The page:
The Banyan Tree: Asia’s Mascot by Navin Doshi (June 29, 2009)

The Economist’s first Asia-centered column titled “Banyan” was initiated on April 11th, 2009, comparable to columns “Lexington” for America and “Bagehot” for England. It continues the discourse about Asian issues, with an explanation of their concentration in spirituality and entrepreneurialism. Though the awareness that will be brought to readers is laudable, why is the spread of Asian values so important only now? Their answer is simple; this century is expected to be the Asian Century.  The last intellectual push for pan Asianism was promoted nearly a century ago by Rabindranath Tagore, a Nobel laureate. He was well- received on tours to China and Japan, where he urged people to counter Western imperialism with an Asian spiritualism. However, he did not succeed then. There is no doubt about the perception among Western intellectuals like Carl Jung, among others, that  spiritualism is strongly associated with the East, particularly with India. The international head quarters of the Theosophical Society (an organization to unite world traditions) were transferred from New York to Adyar, Chennai, in the late 1870’s because Adyar had one of the largest forests of banyan trees. Later, under the leadership of Annie Besant, they discovered in Adyar a Christ like young boy named Krishnamurti with, an aura of selflessness.

For centuries, western countries have relied on and built upon the inventions and discoveries of the East. Some will argue that technology has been enhanced by innovation from Asia, such as rocketry.  But this first article in “Banyan: In the shade of the banyan tree” focuses on the romanticism of Western ideals by countries such as Japan, and says that the Asian spotlight on technology is more “imitation” than representation of “Asian identity”. The article claims, and many of us will agree, that even more important are the spirituality and traditions of Asia, uncontaminated by the reliance on the West.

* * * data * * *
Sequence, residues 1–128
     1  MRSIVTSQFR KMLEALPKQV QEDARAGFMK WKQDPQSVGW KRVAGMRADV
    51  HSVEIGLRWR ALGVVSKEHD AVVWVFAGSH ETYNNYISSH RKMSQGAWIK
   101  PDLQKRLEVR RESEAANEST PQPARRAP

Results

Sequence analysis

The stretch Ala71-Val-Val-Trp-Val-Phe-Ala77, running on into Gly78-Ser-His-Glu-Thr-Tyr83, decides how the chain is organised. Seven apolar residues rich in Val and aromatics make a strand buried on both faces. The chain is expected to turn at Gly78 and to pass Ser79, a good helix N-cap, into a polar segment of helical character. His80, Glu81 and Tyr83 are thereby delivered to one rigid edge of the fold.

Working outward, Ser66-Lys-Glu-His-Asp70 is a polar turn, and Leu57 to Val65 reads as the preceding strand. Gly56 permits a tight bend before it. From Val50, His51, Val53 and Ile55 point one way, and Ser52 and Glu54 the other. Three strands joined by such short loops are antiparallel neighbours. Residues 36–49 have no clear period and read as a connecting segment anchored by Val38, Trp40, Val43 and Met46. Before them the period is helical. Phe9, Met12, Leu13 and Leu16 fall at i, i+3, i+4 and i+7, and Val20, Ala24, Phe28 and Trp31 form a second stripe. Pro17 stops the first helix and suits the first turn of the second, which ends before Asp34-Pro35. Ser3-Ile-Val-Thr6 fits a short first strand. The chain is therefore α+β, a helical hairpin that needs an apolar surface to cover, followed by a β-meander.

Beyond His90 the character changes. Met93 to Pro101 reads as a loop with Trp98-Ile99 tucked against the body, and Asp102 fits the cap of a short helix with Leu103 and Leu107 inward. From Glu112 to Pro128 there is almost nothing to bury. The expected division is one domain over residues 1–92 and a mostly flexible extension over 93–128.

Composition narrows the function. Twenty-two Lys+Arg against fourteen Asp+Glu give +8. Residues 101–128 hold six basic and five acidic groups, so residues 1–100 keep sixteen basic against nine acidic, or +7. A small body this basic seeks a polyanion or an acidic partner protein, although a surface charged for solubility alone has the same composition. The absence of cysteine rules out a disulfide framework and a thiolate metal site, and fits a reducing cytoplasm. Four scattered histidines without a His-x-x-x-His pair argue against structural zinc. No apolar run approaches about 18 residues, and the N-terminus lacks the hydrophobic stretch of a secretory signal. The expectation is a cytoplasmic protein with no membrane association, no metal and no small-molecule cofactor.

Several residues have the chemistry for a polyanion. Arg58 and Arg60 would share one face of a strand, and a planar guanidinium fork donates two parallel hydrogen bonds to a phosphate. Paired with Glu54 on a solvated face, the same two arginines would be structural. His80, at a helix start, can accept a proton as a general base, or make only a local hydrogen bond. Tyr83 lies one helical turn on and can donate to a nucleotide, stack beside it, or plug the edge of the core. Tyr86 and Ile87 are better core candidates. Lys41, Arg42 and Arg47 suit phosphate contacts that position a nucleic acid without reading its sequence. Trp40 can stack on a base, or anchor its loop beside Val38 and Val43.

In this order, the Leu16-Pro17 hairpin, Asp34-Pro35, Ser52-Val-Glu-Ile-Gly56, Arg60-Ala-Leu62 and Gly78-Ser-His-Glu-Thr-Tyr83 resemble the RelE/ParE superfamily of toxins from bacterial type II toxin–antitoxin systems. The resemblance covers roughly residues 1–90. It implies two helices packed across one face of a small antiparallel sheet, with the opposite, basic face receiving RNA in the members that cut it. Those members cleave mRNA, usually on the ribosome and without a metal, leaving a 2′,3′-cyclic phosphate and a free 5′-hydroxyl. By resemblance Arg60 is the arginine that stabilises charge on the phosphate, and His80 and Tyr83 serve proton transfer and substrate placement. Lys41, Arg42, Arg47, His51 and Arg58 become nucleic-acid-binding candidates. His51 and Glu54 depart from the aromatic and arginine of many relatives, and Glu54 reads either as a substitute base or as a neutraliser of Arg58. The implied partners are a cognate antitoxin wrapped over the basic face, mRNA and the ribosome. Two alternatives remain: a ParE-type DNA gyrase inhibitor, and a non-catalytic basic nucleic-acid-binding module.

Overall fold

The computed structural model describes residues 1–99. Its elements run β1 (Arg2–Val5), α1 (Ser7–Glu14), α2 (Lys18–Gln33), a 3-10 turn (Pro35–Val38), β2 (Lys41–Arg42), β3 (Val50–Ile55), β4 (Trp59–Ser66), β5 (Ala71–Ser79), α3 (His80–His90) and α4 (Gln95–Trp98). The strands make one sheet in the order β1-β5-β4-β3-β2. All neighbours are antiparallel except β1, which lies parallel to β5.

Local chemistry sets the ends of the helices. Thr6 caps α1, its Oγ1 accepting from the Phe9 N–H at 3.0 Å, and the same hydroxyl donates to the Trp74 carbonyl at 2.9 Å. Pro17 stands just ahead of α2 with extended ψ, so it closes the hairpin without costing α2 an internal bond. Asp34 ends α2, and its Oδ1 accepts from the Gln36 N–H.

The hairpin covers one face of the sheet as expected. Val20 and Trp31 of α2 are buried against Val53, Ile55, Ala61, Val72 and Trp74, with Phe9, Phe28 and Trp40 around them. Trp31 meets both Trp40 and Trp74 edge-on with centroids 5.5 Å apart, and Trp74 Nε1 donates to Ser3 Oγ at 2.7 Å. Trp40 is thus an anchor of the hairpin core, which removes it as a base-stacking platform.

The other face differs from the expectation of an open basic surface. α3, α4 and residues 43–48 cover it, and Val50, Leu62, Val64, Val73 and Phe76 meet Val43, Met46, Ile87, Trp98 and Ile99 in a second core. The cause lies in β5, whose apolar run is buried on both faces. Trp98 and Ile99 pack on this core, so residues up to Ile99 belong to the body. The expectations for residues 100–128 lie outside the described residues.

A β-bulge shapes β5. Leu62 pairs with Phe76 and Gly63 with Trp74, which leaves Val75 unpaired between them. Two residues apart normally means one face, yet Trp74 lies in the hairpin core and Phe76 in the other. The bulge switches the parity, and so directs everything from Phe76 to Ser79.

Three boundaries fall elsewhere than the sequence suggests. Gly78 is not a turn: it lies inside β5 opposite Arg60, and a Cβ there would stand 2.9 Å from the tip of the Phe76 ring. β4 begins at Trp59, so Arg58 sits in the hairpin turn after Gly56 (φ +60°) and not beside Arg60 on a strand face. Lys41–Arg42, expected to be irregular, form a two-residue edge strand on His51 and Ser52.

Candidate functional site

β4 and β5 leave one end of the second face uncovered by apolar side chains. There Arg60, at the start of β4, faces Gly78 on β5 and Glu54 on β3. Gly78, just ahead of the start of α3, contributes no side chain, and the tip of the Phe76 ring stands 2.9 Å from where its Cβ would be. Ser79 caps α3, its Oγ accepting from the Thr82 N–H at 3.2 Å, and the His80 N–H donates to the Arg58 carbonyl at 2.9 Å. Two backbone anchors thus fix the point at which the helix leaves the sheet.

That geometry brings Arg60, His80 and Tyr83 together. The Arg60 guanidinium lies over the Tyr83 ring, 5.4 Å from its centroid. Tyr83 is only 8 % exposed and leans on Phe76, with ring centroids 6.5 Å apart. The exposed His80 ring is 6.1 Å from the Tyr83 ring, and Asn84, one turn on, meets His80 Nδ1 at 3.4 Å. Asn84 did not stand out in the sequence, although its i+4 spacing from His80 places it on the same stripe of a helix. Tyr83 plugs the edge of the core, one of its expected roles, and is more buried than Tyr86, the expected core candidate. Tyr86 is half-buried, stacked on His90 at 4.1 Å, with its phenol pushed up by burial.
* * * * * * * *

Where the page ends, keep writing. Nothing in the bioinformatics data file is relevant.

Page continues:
The article brings to attention the increase of Asia’s exports within and to the West. This is a positive not only because of the growth of Asia’s economic integration, but also because this supports the new concept that the “simultaneous rise of two continent-sized big powers is peaceful.”  The magazine advocates friendly and constructive competition in place of destructive, as has occurred in the west.  Very rarely do we consider multiple big powers a sign of anything but war and discontent, but it does not have to be so. For years the world has lived with its countries in discord and at each other’s throats for survival and affluence. How many years will it take to see that this way of dealing with other cultures and peoples hasn’t been and is still not working? It is about time that we try something else. Every growing power has a breaking point, and until we find mediation, balance, harmony and complementarity, those powers will forever fail, as I have argued in my previous writings.